CULTURE Hogpens-turned book bars suit rural beauty in east China


Hogpens-turned book bars suit rural beauty in east China


08:55, May 22, 2019


(File photo:

FUZHOU, May 21 (Xinhua) -- Like many Chinese migrant workers, Yang Qiaoxing has jumped on the bandwagon of leaving his obsolete rural bungalow for life in the city. However, what he did not know was the stinky cattle pen in his backyard in east China's Fujian Province was turned into a book bar.

In Shangping village, Xiyuan Township, it is not only Yang's cattle pen but nearly every livestock enclosure, barn and rundown kitchen have been rehabbed into wooden houses used as bars, shops or recreation areas in the impoverished village's efforts to spearhead rural transformation.

Comfy couches offer people a place to pass the hours getting lost in the stores of books neatly organized on the shelves. If it was not for the brick fence on the first floor, Yang would never be able to recognize the transformed nook which was once his cattle pen.

"I got a phone call from the Party chief in the village committee three years ago telling me the village's plan to make use of obsolete structures for renovation to better suit its overall tourist development," said Yang, who has seldom returned to the village.

He said he now leases his cattle pen, earning 200 yuan ($29) a year in rental income from the village's operation of the book bar.

Nestled in the mountains between the provinces of Fujian and Jiangxi in eastern China, Shangping Village boasts a history of over 1,000 years. There are 26 provincially-recognized historical sites, which used to be mansions, gardens and memorial arches of big family clans in the village.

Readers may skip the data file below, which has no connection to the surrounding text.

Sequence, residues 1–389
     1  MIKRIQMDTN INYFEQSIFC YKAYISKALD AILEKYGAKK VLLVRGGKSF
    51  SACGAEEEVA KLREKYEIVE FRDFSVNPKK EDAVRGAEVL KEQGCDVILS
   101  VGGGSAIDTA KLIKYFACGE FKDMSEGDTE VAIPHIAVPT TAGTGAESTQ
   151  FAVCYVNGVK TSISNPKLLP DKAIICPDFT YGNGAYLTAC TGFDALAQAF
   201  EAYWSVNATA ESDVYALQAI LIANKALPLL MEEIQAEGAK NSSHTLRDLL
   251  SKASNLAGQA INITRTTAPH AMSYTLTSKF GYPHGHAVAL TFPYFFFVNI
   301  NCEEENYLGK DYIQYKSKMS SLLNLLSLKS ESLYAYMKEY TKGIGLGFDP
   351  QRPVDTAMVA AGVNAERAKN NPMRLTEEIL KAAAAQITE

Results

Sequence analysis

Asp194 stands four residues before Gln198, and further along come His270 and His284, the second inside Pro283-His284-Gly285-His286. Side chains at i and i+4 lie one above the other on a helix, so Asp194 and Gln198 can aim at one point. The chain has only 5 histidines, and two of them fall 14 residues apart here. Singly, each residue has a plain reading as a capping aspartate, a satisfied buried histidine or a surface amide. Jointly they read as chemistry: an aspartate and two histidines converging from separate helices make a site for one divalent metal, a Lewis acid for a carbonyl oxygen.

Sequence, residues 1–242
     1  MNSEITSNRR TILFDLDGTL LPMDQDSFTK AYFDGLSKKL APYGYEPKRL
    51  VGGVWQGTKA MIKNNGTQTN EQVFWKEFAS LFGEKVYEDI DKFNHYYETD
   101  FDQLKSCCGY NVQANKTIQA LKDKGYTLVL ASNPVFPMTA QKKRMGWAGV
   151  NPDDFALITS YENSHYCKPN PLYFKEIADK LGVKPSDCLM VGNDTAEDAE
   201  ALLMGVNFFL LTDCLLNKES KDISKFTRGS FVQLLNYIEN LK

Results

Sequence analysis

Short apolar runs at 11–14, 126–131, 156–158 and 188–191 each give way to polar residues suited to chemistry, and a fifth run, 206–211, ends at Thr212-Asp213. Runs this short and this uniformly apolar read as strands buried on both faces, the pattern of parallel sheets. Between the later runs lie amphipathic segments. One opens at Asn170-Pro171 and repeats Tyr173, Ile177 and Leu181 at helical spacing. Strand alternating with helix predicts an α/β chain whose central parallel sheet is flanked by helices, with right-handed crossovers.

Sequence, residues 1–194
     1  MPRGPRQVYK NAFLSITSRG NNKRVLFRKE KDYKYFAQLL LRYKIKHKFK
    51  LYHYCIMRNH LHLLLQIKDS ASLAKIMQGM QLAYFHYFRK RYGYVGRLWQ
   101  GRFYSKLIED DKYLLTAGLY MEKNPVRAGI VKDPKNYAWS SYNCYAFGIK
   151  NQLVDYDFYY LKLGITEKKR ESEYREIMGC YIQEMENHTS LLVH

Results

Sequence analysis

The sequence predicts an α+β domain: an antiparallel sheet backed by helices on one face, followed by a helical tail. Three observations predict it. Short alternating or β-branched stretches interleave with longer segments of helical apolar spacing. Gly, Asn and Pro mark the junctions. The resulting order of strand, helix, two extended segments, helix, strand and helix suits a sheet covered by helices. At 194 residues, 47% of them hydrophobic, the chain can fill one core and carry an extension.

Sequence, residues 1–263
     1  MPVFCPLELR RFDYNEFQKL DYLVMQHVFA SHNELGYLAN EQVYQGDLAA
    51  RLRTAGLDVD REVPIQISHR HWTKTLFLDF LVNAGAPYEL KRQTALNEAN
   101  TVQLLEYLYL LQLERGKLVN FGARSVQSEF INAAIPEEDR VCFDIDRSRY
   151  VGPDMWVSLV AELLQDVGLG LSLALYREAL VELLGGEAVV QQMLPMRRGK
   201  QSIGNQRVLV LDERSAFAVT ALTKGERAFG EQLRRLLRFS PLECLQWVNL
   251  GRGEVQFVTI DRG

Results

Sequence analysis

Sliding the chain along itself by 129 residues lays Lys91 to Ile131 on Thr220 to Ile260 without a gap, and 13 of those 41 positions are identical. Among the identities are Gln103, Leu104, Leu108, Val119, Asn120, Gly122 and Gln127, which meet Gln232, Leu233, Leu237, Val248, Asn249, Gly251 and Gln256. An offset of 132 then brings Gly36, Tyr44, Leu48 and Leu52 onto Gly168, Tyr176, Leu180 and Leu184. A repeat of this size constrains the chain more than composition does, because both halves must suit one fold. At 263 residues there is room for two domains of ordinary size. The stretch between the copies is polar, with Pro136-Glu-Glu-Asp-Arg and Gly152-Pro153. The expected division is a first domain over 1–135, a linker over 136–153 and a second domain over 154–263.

Yang said the village was left behind during the modernization. In 2016, there were only 100 people in the village compared to a population of over 700 before, as people left the village in search of a better life.

The village environment was a factor that pushed young people away. Sewage used to flow freely on the ground and messy electric wires hung in the air like spider webs, not to mention the stinky animal pens, Yang said.

The village's campaign for tourist development was unleashed via a government-sponsored poverty alleviation project in 2016 when the township government invited architecture experts from the Central Academy of Fine Arts and Tsinghua University to help roll out the sketch of a tourist village based on Shangping's resources.

Zhou Bin, Party chief of Xiyuan Township, said as a planned tourist attraction, Shangping must have tourist facilities and upgraded infrastructure such as waste treatment and power lines.

A total of 30 million yuan has been invested in rehabbing obsolete and uninhabited buildings into tourist facilities.

During the May Day holiday earlier this month, the small village received some 2,000 tourists.

As tourists wander in the village, they are amused to find hogpens turned to bars and an old tobacco-making workshop transformed into a teahouse and an exhibition hall of the village's past with old furniture, household items and tools.

Thriving tourism has brought entrepreneurial opportunities, and the village has seen many villagers returning. Now, there are some 300 residents in the village.

Li Zongyan, 31, is one of them. After working in the port city of Quanzhou for years, she came home and started up a restaurant last September.

"Starting up the business at home gives me a perfect balance between family and work," Li said. She receives some 20 reservations for dinner on average a day.

The township official Zhou said a 100-km highway is under construction, which would make traffic to the scenic and historic village more convenient. 

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